Over the course of its 25 years, Epcot has often been described as a permanent world’s fair. It’s an interesting, and very accurate reference that is likely lost however, on the vast majority of guests, especially those under the age of fifty, who walk in the shadow of Spaceship Earth every day.
Built as showcases primarily for industries and governments, these fairs and expos have by and large become anachronisms in these early years of the 21st century. People attended these often massive expositions to view the wonders of technological progress and celebrate the accomplishments of the industrial complex. They also sought to bring themselves closer to other peoples and cultures from around the world, by visiting pavilions hosted by numerous nations. The countless media outlets available today have largely rendered world’s fairs obsolete. People need only go as far as their televisions or their computers to be exposed to the latest hallmarks of progress, or to explore distant lands.
Epcot was clearly designed and built around these very same concepts of progress and international cooperation. But its similarities to one fair in particular are striking. While most associate the Disney company, and Walt in particular, with the 1964-65 New York World’s Fair, it is in fact its 1939 predecessor that Epcot most closely resembles. Especially the EPCOT Center that existed from 1982 through the early 1990s.
Both 1939 and 1964 World’s Fairs occupied the same location in the Queens borough of New York City. It sprawled over 1,216 acres of former marshland adjacent to Flushing Bay. That’s four times the size of Epcot. An illustration from a 1939 pre-opening guidebook provides an idea of just how large it was:A close examination of this aerial view reveals how Imagineers likely took inspiration from the fair’s extensive layout, when mapping out EPCOT Center. Known as the Theme Center, the Trylon and the Perisphere, like Spaceship Earth for Epcot, serve as the Fair’s focal centerpiece. Immediately surrounding these dramatic icons are seven different zones and focal exhibits, each with a distinct theme: Communication, Transportation, Community, Food, Health, Production, and Science.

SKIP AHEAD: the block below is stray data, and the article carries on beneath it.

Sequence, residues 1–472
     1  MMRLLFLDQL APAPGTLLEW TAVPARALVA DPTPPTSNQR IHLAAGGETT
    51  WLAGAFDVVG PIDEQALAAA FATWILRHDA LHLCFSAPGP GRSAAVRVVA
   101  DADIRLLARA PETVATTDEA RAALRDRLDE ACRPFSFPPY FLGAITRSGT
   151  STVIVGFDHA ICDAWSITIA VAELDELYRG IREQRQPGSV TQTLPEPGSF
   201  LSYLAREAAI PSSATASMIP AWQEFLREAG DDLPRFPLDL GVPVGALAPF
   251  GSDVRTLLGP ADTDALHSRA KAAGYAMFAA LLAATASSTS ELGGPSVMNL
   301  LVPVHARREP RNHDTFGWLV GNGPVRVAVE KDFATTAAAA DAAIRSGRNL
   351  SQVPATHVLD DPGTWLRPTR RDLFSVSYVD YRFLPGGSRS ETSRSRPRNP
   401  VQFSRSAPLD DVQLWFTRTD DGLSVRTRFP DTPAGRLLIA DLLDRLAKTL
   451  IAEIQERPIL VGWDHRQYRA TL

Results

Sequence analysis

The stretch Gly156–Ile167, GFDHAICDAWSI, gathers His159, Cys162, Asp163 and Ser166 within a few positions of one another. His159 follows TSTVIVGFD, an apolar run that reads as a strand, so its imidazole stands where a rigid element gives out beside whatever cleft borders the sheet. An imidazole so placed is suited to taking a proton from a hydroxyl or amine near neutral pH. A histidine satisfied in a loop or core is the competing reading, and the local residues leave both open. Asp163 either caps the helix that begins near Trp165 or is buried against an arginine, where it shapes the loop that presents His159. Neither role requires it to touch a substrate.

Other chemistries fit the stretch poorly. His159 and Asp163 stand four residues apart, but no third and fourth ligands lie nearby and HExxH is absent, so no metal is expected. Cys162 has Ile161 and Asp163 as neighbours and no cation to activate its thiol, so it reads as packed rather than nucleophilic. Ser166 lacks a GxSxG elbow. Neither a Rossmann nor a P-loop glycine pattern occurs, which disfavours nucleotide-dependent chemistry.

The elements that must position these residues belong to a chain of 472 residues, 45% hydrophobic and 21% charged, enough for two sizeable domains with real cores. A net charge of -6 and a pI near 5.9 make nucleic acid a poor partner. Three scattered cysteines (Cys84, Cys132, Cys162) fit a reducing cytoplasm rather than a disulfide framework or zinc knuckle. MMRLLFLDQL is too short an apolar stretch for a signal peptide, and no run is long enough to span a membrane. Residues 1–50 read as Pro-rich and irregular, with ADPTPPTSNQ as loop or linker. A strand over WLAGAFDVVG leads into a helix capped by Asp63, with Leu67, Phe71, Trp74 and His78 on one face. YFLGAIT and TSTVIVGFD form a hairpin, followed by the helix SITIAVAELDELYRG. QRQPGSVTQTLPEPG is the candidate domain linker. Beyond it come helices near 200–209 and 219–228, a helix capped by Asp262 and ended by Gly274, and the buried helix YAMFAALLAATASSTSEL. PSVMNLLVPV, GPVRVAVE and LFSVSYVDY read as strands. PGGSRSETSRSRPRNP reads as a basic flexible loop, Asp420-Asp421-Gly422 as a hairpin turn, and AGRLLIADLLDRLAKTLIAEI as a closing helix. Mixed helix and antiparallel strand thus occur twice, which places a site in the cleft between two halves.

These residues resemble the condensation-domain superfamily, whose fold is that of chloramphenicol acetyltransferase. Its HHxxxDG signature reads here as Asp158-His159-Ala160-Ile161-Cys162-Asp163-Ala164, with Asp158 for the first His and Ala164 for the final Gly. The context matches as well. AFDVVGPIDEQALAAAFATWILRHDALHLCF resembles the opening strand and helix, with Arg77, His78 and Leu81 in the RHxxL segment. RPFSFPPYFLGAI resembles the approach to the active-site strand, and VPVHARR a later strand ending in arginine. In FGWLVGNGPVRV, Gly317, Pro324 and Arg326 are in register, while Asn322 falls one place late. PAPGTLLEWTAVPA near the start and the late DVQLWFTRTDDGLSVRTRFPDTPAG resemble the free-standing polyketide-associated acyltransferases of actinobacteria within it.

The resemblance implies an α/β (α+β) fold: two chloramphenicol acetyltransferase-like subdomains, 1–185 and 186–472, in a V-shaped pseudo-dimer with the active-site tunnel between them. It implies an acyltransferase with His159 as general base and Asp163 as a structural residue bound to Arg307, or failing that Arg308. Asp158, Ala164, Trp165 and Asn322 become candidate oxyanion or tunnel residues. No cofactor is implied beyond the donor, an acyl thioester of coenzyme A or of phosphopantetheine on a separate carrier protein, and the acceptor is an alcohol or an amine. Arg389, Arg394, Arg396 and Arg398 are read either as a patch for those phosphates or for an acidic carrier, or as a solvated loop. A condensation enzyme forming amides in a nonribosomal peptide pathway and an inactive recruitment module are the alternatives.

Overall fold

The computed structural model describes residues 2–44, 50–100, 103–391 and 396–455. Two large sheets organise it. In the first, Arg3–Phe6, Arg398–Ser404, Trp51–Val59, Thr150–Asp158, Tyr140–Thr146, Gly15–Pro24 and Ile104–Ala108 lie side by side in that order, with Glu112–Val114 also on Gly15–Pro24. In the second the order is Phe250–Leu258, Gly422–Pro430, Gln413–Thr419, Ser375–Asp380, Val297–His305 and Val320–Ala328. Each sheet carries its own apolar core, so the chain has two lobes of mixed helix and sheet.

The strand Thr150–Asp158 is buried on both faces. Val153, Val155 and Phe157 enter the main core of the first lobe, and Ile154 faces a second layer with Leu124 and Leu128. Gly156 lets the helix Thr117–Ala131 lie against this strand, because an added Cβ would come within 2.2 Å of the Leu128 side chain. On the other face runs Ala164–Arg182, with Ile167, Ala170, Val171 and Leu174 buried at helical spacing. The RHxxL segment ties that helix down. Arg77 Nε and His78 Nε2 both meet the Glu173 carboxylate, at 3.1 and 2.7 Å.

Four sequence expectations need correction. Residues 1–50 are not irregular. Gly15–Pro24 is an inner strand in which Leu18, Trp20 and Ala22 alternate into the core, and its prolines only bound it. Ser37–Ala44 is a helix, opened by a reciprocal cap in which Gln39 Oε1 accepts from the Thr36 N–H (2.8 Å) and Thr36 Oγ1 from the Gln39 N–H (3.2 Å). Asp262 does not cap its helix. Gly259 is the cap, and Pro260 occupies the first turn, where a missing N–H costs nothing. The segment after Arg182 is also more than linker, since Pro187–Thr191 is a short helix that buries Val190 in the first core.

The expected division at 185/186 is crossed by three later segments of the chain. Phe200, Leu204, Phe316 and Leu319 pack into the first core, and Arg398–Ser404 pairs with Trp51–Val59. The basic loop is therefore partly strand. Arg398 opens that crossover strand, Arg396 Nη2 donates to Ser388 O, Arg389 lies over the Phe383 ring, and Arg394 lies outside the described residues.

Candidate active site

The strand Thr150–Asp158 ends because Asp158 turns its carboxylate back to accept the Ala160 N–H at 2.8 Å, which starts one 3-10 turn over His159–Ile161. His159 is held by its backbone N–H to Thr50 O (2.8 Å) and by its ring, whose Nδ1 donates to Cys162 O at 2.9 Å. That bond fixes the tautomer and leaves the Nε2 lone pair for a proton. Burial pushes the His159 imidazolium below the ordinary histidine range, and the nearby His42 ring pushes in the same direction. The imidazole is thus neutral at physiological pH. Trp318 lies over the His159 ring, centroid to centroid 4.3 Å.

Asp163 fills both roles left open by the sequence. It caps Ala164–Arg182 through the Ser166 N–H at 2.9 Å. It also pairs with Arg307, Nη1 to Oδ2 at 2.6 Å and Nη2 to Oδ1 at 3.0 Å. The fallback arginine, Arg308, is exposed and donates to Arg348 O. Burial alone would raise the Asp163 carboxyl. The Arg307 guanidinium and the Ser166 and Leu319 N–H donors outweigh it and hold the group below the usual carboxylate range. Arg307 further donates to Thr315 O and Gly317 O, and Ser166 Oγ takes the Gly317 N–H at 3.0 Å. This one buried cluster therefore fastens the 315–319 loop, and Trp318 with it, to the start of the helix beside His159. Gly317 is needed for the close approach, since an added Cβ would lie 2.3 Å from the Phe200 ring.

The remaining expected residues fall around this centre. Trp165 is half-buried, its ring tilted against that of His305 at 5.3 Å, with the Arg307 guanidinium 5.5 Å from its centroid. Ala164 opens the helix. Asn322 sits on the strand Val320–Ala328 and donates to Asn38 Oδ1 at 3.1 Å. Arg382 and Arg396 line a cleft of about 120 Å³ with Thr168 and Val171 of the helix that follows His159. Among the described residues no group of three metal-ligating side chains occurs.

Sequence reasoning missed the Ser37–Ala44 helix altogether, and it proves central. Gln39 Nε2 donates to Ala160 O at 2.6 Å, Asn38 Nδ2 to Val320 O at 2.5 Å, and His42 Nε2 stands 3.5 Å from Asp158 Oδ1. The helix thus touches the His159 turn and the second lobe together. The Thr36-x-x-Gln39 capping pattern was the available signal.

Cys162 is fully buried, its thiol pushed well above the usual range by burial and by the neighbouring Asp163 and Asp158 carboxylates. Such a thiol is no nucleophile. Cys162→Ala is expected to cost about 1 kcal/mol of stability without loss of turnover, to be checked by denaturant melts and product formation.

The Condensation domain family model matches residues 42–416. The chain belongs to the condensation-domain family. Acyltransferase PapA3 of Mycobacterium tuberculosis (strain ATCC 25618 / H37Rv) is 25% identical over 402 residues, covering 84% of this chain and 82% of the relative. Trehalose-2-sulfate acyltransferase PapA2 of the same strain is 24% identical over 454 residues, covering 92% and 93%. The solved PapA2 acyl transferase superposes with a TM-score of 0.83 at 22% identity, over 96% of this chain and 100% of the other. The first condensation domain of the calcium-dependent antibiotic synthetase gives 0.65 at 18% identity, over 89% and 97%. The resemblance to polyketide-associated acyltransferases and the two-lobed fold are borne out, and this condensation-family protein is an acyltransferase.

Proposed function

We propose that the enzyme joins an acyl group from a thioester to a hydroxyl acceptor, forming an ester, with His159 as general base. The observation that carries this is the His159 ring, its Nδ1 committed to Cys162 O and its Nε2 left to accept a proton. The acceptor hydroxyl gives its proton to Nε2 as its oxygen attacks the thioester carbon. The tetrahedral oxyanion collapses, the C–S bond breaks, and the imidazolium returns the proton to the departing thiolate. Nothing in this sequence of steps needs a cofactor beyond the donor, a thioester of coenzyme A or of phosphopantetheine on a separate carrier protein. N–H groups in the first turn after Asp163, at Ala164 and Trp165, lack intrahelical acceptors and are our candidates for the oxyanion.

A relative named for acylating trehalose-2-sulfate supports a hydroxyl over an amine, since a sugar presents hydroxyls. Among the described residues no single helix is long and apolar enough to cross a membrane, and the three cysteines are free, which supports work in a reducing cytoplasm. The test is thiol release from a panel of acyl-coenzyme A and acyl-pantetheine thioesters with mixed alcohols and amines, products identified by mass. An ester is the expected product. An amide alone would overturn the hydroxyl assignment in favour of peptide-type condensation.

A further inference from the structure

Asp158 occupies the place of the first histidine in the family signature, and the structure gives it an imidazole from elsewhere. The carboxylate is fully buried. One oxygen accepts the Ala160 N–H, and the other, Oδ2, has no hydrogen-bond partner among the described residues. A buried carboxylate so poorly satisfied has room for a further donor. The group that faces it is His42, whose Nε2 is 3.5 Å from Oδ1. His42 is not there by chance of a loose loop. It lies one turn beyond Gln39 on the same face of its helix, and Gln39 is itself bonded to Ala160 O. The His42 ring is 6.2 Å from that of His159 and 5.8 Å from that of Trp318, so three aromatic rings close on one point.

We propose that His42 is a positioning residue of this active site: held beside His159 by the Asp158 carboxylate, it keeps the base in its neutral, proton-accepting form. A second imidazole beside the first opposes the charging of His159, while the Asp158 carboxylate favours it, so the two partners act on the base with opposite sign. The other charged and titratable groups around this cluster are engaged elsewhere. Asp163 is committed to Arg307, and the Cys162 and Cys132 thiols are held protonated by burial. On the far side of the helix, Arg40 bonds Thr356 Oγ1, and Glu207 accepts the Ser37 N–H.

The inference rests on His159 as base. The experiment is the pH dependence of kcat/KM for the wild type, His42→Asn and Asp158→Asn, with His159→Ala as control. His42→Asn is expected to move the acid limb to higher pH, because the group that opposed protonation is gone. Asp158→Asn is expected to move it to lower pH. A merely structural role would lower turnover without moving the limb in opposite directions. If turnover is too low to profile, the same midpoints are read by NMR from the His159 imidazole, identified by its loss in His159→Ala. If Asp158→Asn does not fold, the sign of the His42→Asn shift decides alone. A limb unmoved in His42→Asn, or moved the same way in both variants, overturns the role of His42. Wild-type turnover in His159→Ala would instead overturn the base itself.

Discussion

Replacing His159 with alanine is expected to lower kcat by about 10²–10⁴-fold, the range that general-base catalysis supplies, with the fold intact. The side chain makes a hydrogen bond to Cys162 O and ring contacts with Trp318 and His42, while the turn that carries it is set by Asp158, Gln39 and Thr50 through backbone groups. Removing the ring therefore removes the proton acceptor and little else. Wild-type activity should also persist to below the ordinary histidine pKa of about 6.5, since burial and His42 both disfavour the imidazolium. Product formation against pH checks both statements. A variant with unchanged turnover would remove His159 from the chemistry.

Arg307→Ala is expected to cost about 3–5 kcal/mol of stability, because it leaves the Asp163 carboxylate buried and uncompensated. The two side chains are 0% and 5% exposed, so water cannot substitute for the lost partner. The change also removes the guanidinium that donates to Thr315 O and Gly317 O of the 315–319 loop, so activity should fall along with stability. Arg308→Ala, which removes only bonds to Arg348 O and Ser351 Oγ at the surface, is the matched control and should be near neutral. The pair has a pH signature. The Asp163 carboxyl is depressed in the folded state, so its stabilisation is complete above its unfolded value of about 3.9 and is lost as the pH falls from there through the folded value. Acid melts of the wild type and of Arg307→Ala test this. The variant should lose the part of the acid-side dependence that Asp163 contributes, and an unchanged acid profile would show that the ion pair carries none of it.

Beyond these areas, at the rear portion of the grounds, was the Government Zone. Radiating out from the Lagoon of Nations were over twenty large pavilions featuring the likes of Italy, France, Japan, Great Britain, Brazil and the U.S.S.R. The Hall of Nations surrounded both the lagoon and the Court of Peace, and offered slightly smaller scale pavilions representing an additional forty countries. The nearby Court of States featured pavilions from 22 different states. Centered directly behind the Lagoon of Nations and the Court of Peace was the United States Federal Building, anchoring the area in much the same manner as the American Adventure in World Showcase.
It’s interesting to compare the overall layout of the Fair to this concept art of EPCOT Center, featured on a pre-opening postcard:And the similarities extend well beyond layout and design.
Take for instance the theme of the Fair, as expressed in its official slogan:
“Building the World of Tomorrow with the Tools of Today.”
And then compare this excerpt from Card Walker’s dedication of EPCOT Center--
“Here, human achievements are celebrated through imagination, wonders of enterprise and concepts of a future that promises new and exciting benefits for all. May EPCOT Center entertain, inform and inspire, and above all, may it instill a new sense of belief and pride in man's ability to shape a world that offers hope to people everywhere.”
--to the following statements from the aforementioned Official Guidebook of the New York World’s Fair 1939:
To the millions of visitors the Fair says: “Here are the materials, ideas, and forces at work in our world. Here are the best tools that are available to you; they are the tools with which you and your fellow men can build the World of Tomorrow. You are the builders; we have done our best to persuade you that these tools will result in a better World of Tomorrow; yours is the choice.”
The same forward thinking idealism that EPCOT Center embodied, was very much alive and well in 1939. Sadly, it would soon be dampened by Germany’s invasion of Poland and the onset of World War II.
For Part Two in our EPCOT 1939 series, we will take a closer look at the Perisphere and determine the Epcot attraction it was most similar to. The answer may just surprise you.